A doctor who practices in Centereach was arrested Wednesday by federal agents on a charge of illegally prescribing thousands of painkillers, including oxycodone, and other narcotics, officials said.
Dr. Michael Randall, 47, of South Setauket, was charged with distributing controlled substances over a four-year period, "without a legitimate medical purpose," court papers said.
The papers said that Randall, operating out of his office at the Middle Country Family Medicine practice in Centereach, illegally prescribed oxymorphone, methadone and carisoprodol, in addition to oxycodone. Carisoprodol is a muscle relaxant often sold under the brand name Soma, for "relief of acute musculoskeletal pain," court records say.
Randall was arraigned in federal District Court in Central Islip and released on $500,000 bond by U.S. magistrate A. Kathleen Tomlinson. Randall, who was arrested on a complaint, was not required to enter a plea. As part of the release conditions, Randall gave up his Drug Enforcement Administration permission to prescribe controlled substances.
His attorney, Glenn Obedin, of Central Islip, said after the arraignment, "Dr. Randall is extremely dismayed over the charges. He has always put his patients' welfare . . . [first]." Obedin added that his client plans to vigorously defend himself against the charges.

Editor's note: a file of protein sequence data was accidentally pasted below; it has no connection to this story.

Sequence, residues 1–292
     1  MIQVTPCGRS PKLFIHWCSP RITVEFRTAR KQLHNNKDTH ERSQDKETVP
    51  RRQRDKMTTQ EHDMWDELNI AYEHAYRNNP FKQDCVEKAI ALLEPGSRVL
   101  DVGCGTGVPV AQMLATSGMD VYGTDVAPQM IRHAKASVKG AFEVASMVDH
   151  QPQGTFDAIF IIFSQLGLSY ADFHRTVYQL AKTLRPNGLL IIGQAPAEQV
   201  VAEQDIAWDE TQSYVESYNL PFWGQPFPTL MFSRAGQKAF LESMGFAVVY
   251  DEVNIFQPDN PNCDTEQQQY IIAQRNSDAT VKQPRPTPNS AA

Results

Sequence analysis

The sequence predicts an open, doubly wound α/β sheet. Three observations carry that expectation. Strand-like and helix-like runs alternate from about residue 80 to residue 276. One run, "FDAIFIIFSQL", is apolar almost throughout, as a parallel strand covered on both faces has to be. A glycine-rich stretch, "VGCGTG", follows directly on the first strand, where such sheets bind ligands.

Eastern District United States Attorney Loretta Lynch said in a statement, "By prescribing thousands of highly addictive pain pills without a legitimate medical purpose, Dr. Randall ignored the law and his own patients' well-being."
Randall is the sixth doctor arrested by federal DEA agents on Long Island for illegally prescribing oxycodone and other painkillers since the 2011 murder of four people in a Medford pharmacy by David Laffer. Laffer was seeking painkillers. One doctor has been sentenced to 30 months in prison; three were convicted and await sentencing; and one is awaiting trial.
The investigation into Randall began after two unnamed pharmacists tipped off federal agents about the number of oxycodone prescriptions Randall was writing, court records say.
State records showed that between January 2011 and September 2013, Randall wrote over 7,300 oxycodone prescriptions for more than 1.1 million pills, "a disproportionately high number for a family medicine physician," the papers said.
If convicted, Randall faces up to 20 years in prison and a $1 million fine, according to Robert Nardoza, a spokesman for the Eastern District.